Its American service had previously been put on hold, apparently because the labels were not convinced about its ability to make them money.
About 10 million people use Spotify across parts of Europe, with one million paying for its premium service.
The company has reduced elements of its free product, ahead of the US launch.
In April, limits were introduced on the number of times users of the basic version could play tracks.
Total listening time was also reduced to 10 hours per month for the free service.
The move was widely seen as a pre-emptive concession to the American record companies which are uneasy about moving to ad-funded or subscription-based distribution.
Research suggests that services such as Spotify, Last.FM and Rhapsody yield relatively low returns for artists.
Music industry analyst Mark Milligan calculated an average pay-per-play figure on Spotify, based on the Ben Rodgers Band, of $0.004 (£0.002).
Cracking the United States might make the numbers more attractive, according to Giles Cottle, senior analyst at Informa Telecoms and Media.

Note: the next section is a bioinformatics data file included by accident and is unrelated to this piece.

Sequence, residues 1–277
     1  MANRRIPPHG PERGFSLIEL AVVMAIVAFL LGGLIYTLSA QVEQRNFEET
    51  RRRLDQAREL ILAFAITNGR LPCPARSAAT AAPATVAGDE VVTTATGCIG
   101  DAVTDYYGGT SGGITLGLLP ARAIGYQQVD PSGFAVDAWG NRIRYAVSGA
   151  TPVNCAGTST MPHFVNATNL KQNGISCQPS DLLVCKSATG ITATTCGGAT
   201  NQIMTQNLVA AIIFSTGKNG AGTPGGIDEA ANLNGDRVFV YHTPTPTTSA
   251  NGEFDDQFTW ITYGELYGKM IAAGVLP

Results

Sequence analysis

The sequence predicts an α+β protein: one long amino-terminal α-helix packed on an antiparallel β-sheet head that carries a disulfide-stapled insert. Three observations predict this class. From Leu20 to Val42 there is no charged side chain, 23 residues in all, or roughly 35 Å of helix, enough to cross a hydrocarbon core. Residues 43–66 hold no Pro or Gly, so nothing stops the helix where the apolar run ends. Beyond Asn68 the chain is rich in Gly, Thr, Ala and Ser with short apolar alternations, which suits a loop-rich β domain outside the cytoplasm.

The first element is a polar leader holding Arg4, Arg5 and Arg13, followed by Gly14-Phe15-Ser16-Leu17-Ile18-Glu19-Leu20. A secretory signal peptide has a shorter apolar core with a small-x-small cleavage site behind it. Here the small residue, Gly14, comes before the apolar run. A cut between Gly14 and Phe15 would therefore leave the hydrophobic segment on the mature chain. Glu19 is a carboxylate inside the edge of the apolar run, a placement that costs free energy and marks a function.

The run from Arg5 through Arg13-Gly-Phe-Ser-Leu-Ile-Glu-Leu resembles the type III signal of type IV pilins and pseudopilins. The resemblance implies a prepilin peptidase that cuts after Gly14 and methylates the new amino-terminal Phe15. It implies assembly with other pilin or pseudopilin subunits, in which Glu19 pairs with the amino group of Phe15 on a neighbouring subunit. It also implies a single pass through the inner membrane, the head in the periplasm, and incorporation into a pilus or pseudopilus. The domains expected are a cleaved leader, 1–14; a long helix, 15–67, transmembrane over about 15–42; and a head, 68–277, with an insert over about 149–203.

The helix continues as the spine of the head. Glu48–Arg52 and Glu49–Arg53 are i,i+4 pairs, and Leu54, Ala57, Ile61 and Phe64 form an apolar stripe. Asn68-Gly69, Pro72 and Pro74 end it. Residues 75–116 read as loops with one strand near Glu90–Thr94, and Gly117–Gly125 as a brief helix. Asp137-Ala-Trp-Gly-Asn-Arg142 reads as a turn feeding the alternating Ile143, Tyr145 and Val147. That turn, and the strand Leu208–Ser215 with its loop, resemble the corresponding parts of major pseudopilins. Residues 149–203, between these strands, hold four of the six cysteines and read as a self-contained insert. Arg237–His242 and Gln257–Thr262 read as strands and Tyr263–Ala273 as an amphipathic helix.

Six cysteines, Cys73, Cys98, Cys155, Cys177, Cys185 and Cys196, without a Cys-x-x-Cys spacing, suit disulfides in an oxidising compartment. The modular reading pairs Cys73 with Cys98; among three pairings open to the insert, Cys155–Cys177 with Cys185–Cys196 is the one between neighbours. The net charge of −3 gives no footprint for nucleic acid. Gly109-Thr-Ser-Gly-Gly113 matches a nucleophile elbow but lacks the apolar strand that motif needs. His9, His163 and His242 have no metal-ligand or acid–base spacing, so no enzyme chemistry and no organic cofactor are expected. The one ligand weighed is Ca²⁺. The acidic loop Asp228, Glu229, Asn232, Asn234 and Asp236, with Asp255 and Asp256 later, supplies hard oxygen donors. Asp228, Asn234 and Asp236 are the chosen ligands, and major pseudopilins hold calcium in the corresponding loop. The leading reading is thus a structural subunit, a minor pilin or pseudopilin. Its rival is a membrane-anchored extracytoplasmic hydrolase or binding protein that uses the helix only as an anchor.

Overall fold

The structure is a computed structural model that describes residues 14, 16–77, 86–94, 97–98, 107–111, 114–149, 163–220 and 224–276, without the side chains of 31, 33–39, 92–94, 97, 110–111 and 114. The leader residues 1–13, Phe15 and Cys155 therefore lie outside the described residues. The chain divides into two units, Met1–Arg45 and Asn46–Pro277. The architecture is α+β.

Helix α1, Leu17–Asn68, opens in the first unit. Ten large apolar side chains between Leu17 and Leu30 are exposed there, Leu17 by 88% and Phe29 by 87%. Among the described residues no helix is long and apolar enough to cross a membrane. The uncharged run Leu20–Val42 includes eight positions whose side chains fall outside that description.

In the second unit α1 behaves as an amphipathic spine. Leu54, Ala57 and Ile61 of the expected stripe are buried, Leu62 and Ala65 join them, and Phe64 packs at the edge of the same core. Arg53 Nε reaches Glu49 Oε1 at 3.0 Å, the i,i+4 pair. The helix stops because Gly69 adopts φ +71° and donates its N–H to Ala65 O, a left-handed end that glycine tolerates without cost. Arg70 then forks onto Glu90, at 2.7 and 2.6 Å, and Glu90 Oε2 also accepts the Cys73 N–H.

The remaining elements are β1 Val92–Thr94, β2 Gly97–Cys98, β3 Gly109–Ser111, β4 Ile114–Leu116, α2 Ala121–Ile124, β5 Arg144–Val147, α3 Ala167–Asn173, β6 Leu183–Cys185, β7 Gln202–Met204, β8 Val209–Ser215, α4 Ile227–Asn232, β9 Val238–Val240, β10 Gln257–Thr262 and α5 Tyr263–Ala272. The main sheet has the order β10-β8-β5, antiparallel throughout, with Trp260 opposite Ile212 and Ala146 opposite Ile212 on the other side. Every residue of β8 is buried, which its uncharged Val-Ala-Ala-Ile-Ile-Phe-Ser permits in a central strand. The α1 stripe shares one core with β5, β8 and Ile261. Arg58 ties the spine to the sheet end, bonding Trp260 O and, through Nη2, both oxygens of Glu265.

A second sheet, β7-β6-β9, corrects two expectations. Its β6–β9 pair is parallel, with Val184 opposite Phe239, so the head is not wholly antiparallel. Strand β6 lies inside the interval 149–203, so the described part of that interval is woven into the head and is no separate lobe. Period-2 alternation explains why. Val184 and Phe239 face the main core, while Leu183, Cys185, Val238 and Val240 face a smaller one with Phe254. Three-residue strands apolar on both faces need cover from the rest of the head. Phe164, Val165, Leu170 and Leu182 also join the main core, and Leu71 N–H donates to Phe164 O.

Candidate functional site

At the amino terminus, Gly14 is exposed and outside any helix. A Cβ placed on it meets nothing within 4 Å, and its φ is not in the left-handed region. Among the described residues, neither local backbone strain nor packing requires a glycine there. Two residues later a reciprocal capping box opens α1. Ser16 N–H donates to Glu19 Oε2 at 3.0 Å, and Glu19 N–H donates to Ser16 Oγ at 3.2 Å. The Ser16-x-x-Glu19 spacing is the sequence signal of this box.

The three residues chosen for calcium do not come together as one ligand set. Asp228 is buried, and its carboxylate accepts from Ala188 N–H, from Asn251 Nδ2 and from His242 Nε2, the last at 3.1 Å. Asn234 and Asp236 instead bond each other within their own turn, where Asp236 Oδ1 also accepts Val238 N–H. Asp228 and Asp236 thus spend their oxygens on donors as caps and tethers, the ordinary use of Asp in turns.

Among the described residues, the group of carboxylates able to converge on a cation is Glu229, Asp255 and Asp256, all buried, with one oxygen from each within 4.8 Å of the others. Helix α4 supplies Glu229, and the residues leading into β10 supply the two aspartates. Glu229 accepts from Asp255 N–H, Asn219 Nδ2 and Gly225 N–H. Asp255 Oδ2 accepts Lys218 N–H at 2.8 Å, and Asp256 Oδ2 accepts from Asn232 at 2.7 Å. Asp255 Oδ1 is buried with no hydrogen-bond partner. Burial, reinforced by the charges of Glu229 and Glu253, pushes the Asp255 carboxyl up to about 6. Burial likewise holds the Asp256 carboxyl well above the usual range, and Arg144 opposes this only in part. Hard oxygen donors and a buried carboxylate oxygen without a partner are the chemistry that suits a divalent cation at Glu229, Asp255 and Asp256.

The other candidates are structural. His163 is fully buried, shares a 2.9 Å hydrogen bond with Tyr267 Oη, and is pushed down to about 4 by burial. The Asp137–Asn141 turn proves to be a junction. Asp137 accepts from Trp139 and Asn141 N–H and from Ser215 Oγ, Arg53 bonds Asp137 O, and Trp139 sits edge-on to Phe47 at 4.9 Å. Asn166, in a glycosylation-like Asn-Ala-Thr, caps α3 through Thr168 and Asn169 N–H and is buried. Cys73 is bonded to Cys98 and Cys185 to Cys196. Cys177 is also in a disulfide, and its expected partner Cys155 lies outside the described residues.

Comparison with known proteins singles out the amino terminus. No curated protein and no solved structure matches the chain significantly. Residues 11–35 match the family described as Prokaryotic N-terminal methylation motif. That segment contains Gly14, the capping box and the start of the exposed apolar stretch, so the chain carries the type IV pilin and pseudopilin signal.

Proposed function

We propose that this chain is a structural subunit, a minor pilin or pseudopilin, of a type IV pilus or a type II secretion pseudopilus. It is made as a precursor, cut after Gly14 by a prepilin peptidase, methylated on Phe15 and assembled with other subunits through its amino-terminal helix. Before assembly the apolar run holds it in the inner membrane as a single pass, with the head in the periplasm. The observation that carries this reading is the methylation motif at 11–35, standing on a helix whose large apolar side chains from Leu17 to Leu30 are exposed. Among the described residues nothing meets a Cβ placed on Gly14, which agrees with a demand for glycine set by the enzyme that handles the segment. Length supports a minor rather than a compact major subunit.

“They will only get their model to work if they successfully launch in the US.
“It works if you get a large number of plays and you can get a lot of people to sign up to the premium service,” he said.
Despite industry trepidation, Spotify has attracted high profile fans.
Facebook founder Mark Zuckerberg described it as “pretty amazing”, while soundtrack composer and Nine Inch Nails frontman Trent Reznor took to Twitter to express his excitement about the US launch.
Spotify is likely to face competition in the US from online jukebox Pandora which claims 100 million registered users.
Pricing details for Spotify’s US service are yet to be made public.